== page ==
England rugby: Calum Clark 'tames inner chimp'

Calum Clark
Calum Clark has yet to win his first cap for England but is part of the squad for the autumn Tests

Northampton flanker Calum Clark says he has tamed his "inner chimp" through sessions with sports psychiatrist Dr Steve Peters.

The England squad member was banned for 32 weeks in March 2012 for breaking the elbow of Leicester's Rob Hawkins.

But he could make his England debut in the autumn Tests after being recalled to the 33-man training squad.

"The inner chimp was pretty aggressive, he was unwilling to listen and unwilling to learn," Clark, 25, said.

"That is something I feel I have been able to improve on and develop - being honest with myself, taking a look in the mirror and being willing to take things on."

Dr Steve Peters
Has degrees in mathematics, medicine and medical education (Masters level). Also postgraduate qualifications in sports medicine, education & psychiatryTeams he has assisted include the GB Olympic cycling team, Team Sky, England's football and rugby union sides and Liverpool FC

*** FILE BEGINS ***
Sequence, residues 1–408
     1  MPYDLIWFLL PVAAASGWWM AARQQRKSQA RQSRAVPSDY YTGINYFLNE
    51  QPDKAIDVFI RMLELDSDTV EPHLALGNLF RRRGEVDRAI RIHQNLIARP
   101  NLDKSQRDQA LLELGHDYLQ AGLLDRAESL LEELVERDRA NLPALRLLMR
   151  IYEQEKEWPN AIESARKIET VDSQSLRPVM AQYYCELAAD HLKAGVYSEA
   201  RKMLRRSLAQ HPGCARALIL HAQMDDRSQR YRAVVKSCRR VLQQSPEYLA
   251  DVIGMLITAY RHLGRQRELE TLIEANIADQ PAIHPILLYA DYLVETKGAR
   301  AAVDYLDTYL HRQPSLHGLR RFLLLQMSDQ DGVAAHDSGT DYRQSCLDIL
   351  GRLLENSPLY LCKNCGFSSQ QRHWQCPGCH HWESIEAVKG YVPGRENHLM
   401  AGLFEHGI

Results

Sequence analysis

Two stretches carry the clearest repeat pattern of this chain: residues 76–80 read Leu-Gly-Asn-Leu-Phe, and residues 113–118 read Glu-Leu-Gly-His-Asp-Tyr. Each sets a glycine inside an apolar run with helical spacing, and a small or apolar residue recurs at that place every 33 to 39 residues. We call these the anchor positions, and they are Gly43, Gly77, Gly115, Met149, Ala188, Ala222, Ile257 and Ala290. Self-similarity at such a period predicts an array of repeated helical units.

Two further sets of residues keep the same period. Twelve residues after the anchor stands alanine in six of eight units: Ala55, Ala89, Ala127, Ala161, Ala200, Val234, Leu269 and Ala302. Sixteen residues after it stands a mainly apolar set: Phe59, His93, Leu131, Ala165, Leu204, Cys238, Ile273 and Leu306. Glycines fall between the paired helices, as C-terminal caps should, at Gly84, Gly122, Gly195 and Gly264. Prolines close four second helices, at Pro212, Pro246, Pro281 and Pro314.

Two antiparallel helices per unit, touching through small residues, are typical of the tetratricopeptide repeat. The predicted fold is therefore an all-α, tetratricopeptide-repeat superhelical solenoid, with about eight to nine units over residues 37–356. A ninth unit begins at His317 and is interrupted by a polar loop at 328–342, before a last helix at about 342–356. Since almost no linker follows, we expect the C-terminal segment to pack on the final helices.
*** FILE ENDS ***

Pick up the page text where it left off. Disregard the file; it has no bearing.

His book The Chimp Paradox explains how the human mind operates and how people can learn skills to manage their mindHas helped sports stars including Ronnie O'Sullivan, Steven Gerrard, Craig Bellamy, Sir Bradley Wiggins, Sir Chris Hoy and Victoria Pendleton

Peters is the sports psychiatrist who helped Great Britain's cycling squad in their rise to Olympic pre-eminence, and in addition to the England rugby union team has also worked with the Liverpool and England football sides and world snooker champion Ronnie O'Sullivan.

He uses the term "inner chimp" to describe the section of the brain that deals with emotion and in his book The Chimp Paradox, he sets out the theory that people can learn skills to manage those emotions in order to achieve success.

Clark, who was red-carded for a head-butt in the 2008 Junior World Cup final, feels his work with Peters has changed his mentality since the incident in which he injured Hawkins during the 2012 LV= Cup final.

He said: "It started with a bit of work with Steve Peters. I went to see him a few times and took a lot from it.

"I read his book and it is something that grounds me when I am approaching the game.

"That is something I feel I have been able to improve on and develop - being honest with myself, taking a look in the mirror and being willing to take things on."

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